As we’ve discussed in the past, while the Gen codebox operator provides a convenience for people who enjoy text-based coding (a club to which my dues have lapsed), there are a few places where gen~ patching requires a codebox operator - procedural operations, situations where you need specific and explicit control of the order or reads and writes for things like delays and operations on data and buffer operators, and the facility for creating reusable tools (For more on this, this tutorial will help you get started).
I’d like to show you two examples where codeboxing is not only needed/useful, but shows spectacular results.
First up is an absolutely exquisite Moog ladder filter from MSP wizard Peter Dowling. Peter started with Victor Lazzarini’s Csound port of the ladder filter, and created a codebox-based gen~ patch that’s an elegant demonstration of the poly~ object’s up/downsampling capabilities.
When it comes to the gen~ heart of his patch, Peter uses the require operator in the codebox. That message tells the gen~ object it needs to load the file from disc. It’s a classic use of the technique.
Our next “codebox on parade” example is Graham Wakefield’s gen.chopper.repeat gen~ patch: an example of using the codebox operator to manage read and write operations in a complex patch that has separate read and write portions of the patch and lots of procedural code, as well.
This gen~ patch is one of a pair or example patches — gen~.chopper.maxpat and gen~.chopper-repeat.maxpat — that Graham Wakefield developed as a way of investigating Trevor Wishart’s idea of wavesets, which involve chopping up audio material by the zero-crossings and recombining them. The gen~.chopper.maxpat example is simpler, and doesn’t use a codebox operator, unlike the example I'm highlighting here. Graham Wakefield (who developed both patches) has this to say about the pair:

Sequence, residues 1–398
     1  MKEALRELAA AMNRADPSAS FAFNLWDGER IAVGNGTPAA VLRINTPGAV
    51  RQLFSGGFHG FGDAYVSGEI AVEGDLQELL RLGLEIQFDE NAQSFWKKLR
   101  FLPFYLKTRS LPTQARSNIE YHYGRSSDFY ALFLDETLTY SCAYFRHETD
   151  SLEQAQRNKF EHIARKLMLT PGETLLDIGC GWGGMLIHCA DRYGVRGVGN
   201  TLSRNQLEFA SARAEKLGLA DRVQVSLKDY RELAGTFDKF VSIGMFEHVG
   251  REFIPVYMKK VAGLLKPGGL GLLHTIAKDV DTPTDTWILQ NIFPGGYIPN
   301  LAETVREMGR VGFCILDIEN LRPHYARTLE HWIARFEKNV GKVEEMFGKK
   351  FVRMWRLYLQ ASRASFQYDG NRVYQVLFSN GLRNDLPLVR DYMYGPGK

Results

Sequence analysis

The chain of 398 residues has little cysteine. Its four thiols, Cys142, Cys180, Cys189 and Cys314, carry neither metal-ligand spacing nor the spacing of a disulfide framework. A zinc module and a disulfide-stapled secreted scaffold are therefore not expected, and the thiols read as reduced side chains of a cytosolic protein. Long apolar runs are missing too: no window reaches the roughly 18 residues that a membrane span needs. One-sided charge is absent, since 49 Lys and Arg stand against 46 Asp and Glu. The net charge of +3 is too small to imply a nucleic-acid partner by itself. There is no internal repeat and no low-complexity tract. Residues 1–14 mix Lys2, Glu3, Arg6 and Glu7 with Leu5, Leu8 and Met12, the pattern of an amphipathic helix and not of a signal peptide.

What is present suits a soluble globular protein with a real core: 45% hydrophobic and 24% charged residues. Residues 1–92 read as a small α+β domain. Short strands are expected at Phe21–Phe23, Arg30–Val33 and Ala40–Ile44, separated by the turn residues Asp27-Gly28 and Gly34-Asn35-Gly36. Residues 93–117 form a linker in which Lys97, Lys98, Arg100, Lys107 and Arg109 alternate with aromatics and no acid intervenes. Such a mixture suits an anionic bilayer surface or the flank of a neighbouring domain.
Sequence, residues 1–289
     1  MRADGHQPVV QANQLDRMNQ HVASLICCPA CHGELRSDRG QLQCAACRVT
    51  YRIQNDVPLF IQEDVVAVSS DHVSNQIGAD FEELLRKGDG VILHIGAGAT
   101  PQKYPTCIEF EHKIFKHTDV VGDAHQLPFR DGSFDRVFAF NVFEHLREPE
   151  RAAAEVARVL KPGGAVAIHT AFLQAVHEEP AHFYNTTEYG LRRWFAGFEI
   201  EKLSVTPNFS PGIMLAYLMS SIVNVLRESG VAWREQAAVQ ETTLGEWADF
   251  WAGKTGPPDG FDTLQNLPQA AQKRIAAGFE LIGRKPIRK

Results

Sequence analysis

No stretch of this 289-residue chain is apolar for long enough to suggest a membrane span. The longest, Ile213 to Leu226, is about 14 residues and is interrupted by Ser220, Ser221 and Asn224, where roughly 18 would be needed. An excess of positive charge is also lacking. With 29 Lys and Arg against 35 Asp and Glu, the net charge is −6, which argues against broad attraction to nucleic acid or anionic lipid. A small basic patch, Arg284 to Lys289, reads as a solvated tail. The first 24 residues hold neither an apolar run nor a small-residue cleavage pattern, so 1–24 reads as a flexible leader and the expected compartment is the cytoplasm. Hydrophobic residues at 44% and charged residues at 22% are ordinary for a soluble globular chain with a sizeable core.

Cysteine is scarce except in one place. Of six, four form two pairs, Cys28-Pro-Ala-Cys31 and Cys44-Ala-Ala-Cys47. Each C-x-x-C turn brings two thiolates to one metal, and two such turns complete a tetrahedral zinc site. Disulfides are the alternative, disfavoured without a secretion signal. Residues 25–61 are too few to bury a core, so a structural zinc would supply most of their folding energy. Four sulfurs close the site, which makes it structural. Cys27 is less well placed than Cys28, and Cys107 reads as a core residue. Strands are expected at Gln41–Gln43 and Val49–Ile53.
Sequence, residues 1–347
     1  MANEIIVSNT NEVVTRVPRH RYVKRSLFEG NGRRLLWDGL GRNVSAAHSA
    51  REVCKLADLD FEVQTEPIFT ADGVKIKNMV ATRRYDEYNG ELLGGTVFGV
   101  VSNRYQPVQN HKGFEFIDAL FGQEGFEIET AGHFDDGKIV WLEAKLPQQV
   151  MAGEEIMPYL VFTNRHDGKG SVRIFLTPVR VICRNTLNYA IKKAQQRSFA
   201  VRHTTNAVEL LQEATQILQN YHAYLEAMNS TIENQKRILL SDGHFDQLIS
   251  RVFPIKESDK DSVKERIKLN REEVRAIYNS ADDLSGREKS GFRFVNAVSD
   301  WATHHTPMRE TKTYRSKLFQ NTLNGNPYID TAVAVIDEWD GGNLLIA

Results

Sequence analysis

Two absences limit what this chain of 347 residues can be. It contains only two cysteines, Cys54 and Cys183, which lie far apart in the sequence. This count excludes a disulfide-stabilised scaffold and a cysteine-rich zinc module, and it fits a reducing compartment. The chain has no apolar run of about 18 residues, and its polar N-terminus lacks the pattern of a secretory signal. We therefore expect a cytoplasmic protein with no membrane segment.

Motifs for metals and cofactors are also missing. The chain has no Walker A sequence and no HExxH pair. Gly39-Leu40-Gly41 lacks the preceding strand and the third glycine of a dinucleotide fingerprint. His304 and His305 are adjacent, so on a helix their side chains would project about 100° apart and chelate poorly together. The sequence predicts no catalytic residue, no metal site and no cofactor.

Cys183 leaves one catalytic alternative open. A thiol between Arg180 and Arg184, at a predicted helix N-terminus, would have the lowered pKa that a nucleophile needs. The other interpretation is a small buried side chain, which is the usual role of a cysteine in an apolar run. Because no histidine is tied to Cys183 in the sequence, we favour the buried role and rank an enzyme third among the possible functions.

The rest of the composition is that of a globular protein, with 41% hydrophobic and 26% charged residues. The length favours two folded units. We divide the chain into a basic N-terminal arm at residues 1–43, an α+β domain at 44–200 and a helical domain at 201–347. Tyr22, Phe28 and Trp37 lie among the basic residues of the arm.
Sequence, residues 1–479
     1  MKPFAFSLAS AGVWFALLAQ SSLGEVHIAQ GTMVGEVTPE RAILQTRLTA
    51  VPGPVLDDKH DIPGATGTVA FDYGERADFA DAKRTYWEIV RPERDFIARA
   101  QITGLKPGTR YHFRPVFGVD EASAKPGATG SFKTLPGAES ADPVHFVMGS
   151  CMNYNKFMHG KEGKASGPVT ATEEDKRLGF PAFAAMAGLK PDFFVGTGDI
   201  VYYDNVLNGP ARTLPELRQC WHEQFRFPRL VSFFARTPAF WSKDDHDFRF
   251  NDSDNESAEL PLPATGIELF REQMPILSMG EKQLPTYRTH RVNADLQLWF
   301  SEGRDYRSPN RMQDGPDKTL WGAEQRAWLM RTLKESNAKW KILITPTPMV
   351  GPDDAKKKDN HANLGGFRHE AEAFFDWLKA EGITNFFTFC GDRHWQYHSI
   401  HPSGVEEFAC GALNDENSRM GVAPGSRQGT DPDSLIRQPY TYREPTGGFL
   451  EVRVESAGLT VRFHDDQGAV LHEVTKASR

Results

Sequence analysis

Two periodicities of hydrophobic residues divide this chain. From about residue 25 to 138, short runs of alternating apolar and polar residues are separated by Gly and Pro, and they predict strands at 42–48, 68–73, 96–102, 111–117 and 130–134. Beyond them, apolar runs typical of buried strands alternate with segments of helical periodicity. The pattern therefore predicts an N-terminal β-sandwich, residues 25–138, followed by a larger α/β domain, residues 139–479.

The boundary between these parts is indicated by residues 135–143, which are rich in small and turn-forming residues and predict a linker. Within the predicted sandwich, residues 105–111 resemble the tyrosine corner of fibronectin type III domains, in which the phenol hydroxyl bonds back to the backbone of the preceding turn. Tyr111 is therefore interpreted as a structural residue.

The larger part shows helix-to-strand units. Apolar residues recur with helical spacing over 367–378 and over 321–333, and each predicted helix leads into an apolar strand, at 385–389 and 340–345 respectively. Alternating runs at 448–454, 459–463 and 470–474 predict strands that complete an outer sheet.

Basically, the patcher has two parts: a recording part (left side) and a playback part (right side). In the case of the gen~.chopper.maxpat patch, the recording part is basically sampling in1 and looking for full periods of a waveform by segmenting on any positive-direction (rising) zero-crossing. Each sampled segment is written into a different channel of the data segments, so at any time there’s a bank of 16 waveforms (though one of them is currently being re-recorded - the one indicated by the use of the history writesegment operator. The data len operator stores the length of each of these 16 waveforms. The playback part reads through these waveform segments using the peek segments operator at a rate given by param rate, and at the end of each, the peek segment operator jumps to the most recently completed waveform (the history playsegment operator). The gen~.chopper-repeat.maxpat example show you've selected is a lot more involved, but is still bascially a recording section and a playback section. In this case, the codebox operator was used because it provided an easier way to deal with the logic.